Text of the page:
Stainless steel is one of the most popular materials in the manufacturing industry. This makes bending stainless steel tubing is a standard forming process for manufacturing metal parts for various applications. Engineers and designers consider it a principal operation as part of a system tubing and piping.
However, a proper understanding of how to bend steel tubing is needed. Some high-end stainless steel materials are now mainstream, compounding their machining challenges. Therefore, it is essential to know how to go about the bending process.
In this article, we will discuss the most effective methods of bending steel tubing. We would also guide you through getting the best out of the process.
Basics and Challenges of Bending Stainless Steel Tubing
Using steel for custom prototyping can be tricky. It is a hard material. However, it is a ductile and malleable material. It is easily formed with various machining processes into several shapes. Stainless steel tube bending is a process that helps to shape the tubing into several valuable configurations.
Although it is possible to bend stainless steel into different shapes, the process may require considerable direct pressure for specialized tools. When we talk about bending high-end stainless steel materials, attention turns to increased bending difficulties. The difficulty often depends on the thickness of the tubing.
Thick-walled tubing usually needs increased force to bend. Furthermore, specific sizes and shapes of tubes may require their set of bending equipment. The possibility of spring back occurring also poses a significant challenge to bending stainless steel tubing.
How to Bend Stainless Steel Tubing
It is pretty tough to deal with stainless steel tubing. However, some techniques can help simplify the process. This section will discuss how to bend stainless steel tubing using the most effective methods.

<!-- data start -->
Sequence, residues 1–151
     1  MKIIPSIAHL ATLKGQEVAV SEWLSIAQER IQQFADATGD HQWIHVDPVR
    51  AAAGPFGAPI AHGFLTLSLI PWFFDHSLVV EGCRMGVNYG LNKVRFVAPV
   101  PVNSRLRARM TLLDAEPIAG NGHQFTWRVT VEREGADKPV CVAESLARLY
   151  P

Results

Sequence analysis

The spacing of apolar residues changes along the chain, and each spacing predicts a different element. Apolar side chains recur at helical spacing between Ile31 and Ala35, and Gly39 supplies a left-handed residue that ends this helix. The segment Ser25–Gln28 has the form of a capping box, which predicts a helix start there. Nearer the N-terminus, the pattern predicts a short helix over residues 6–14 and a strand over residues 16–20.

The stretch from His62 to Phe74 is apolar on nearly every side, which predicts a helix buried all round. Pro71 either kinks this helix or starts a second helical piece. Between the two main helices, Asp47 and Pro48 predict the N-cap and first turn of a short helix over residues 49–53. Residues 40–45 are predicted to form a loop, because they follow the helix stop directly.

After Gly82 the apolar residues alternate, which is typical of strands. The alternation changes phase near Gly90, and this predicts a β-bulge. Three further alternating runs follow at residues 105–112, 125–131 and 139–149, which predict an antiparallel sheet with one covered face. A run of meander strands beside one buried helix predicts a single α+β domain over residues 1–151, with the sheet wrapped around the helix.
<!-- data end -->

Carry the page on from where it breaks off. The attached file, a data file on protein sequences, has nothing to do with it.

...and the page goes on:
Mandrel Tube Bending
Mandrel bending of metal tubing is often done on a rotary draw tube bending machine. A mandrel is a tool put inside a tube to ensure its shape remains intact while bending. Mandrels may come with additional ball-shaped steel to ensure they stay inside the curved sections of bends during the bending process.
The setup for mandrel tube bending include:
- A pressure die – this die hold the tangent (or the straight section) of the tub.
- A clamp die – rotates the steel tubing around the bend die.
- A mandrel – supports the tubing interior around the bend and may come with some articulating balls.
- A wiper die – contacts the tubing right before the inside radius’s tangent point, wiping against the workpiece to prevent wrinkles on the inside radius.
Mandrel tube bending dominates the stainless steel tubing bending landscape, especially applications with tight radii. When you think of how to bend stainless steel tubing to a radius, you should choose mandrel bending. This is because the method provides maximum control over ovality and wall thinning.
Using a mandrel in the inner diameter (ID) helps to support the flow of materials during bending. Likewise, the pressure die supports the outer diameter (OD). The elements combine to control the tube OD and ID throughout the bending process. Mandrel tube bending helps prevent the most common bending issues, most importantly, spring back. It also prevents wrinkles, flattening, and kinks.
Roll bending or angle bending is an effective process for larger workpieces. It generally involves three rolls put in a pyramid-like position with either vertical or horizontal orientation, depending on the size of the section. The rolls move such that they can produce large, usually specific radii.
The machine determines which rolls move to which side. The middle roll’s location determines the radius of the tube or pipe. The top roll may move up and down on some machines to give the desired angle. On other machines, two bottom rolls move while the top roll stays stationary.
Manufacturers use roll bending for producing spirals. The operator can produce continuous coils by lifting the tube after a revolution. In this case, the workpiece should have a large radius and a one-diameter pitch. However, if it has a larger coil pitch, there will be the need for an additional roll. This roll helps to guide the tube outward during the forming of the coil.